ICON – Babies Cry, You Can Cope programme supports parents and carers manage normal infant crying and to prevent abusive head trauma injuries to babies caused by shaking, also referred to as ‘shaken baby syndrome’.
ICON is an evidenced-based programme designed to help parents and carers understand the normal crying pattern of young infants and to help them develop successful coping mechanisms to deal with this.
The ICON programme delivers four simple messages before the birth and in the first few months of a baby’s life:
I – Infant crying is normal;
C –Comforting methods can help;
O – It’s OK to walk away;
N – Never, ever shake a baby.
These ICON messages have been demonstrated to help parents and carers manage the stresses which can be caused by normal infant crying. Midwives, Health Visitors and other professionals across the region have developed ICON expertise to help give parents and carers the tools they need to help keep their babies safe.
Coping with a crying baby can be very stressful for parents. Serious Case Reviews show that crying is the main trigger for babies being shaken. Research has shown that public health campaigns educating new parents and caregivers in coping with their baby’s crying can reduce rates of abusive head trauma by up to 75%. During COVID-19, stress levels at home are likely to be increased further.
Research shows that around 70% of babies who are shaken are shaken by men. So any prevention programme should include male caregivers and use the best opportunities to reach them as well as support all parents/caregivers with information about crying and how to cope with a crying baby.
The six week postnatal check is the ideal time to enquire with parents and carers about their babies crying, as infant crying hits a peak at 6-8 weeks of age. The ICON webpage offers advice and support to both parents and carers and professionals. This includes leaflets, posters, coping with crying plans and information about the research behind the programme and can be accessed via this link: www.iconcope.org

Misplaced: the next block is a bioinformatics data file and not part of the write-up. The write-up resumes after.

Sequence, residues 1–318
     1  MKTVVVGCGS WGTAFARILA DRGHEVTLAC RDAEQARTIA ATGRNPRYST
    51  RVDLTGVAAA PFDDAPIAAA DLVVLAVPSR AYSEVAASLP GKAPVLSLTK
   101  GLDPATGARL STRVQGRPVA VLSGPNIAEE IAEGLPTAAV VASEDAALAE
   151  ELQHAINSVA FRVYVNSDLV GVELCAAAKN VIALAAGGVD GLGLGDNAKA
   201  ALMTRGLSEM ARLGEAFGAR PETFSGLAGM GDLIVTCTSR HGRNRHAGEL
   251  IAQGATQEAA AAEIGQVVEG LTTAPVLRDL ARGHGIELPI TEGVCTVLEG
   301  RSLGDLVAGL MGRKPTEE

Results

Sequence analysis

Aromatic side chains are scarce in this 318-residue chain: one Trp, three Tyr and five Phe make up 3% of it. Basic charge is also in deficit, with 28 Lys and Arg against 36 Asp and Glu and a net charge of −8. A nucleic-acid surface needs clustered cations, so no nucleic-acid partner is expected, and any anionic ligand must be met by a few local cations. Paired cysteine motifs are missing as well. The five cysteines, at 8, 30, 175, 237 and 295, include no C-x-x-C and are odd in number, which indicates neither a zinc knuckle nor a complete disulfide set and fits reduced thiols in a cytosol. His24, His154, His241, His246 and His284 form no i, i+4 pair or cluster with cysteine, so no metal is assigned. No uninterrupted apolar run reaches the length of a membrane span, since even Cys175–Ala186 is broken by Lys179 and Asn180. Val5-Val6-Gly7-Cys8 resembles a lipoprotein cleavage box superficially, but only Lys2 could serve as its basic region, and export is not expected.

Within the Wakefield District, a partnership wide initiative will be launched across midwifery, health visiting, general practice and other partners included in the Wakefield Safeguarding Children Partnership, with a go live date planned for the first week in December 2020.
Resources for professionals
Guidance for clinical staff
This poster from the Hampshire CCGs provides advice that health professionals can give parents to help them cope with their baby crying and also a suggested template for the 6-week postnatal check.
ICON is has been approved for endorsement from the Royal College of General Practitioners (RCGPs).
The ICON information has been included within the RCGPs Toolkit: link
Royal College of General Practice Covid-19 Response: link
Infant crying – advice for new parents
Infant crying is normal and it will stop! Babies start to cry more frequently from around 2 weeks of age.
Comfort methods can sometimes soothe the baby and the crying will stop. Is the baby hungry, tired or in need of a nappy change?
It’s okay to walk away if you have checked the baby is safe and the crying is getting to you. After a few minutes when you are feeling calm, go back and check on the baby.
Never, ever shake or hurt a baby. It can cause lasting brain damage and death.
Some advice can be found in these short films.
The following resources are available by clicking the links below and also on the ICON website http://iconcope.org/for-professionals/
Posters – printable
Advice for parents link
Advice for parents link
Are you struggling with your baby crying? link
Leaflets – printable
Infant crying and how to cope link
Leaflet tailored for babies born prematurely link
Safer Sleep for Infants Practice Standard link
The 5 key messages the reader should note about this document are:
1. Parents/carers will receive consistent message about safe sleeping at all contacts.
2. Parents will be aware of the risk factors associated with co-sleeping.
3. Parents will be supported to have a plan in place to ensure safe sleeping practices when risks are identified, or when baby will be sleeping away from home.
4. The professional record will evidence a safe sleep assessment has been undertaken and will include information given to parents on safe sleep, identified associated risk
factors and will demonstrate analysis and action plan.
5. Any known incidences of unsafe co-sleeping or bed sharing (recent or historical) should be shared with all professionals who are working with the children and
discussed during any information sharing activities for infants. This includes Child Protection, Child in Need, Early Help/Team around the Child meetings and handover
of care between professionals.